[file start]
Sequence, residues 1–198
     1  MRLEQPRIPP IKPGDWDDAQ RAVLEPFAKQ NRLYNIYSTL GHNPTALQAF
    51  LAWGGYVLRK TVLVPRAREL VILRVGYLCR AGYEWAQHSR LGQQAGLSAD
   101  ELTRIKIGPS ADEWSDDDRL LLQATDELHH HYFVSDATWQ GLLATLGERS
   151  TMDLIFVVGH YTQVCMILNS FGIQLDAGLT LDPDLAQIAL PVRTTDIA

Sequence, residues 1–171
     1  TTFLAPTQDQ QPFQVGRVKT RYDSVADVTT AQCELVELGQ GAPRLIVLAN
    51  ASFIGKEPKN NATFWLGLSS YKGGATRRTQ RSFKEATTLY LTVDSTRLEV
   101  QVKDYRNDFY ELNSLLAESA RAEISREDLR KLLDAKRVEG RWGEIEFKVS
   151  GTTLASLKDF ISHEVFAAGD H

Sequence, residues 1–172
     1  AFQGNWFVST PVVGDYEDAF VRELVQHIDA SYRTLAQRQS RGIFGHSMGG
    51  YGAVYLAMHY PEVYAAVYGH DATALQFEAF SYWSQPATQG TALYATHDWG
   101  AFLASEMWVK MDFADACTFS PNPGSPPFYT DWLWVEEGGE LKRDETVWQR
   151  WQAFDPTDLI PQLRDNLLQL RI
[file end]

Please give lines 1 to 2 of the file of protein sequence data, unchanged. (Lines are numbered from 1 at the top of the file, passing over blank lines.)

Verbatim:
Sequence, residues 1–198
     1  MRLEQPRIPP IKPGDWDDAQ RAVLEPFAKQ NRLYNIYSTL GHNPTALQAF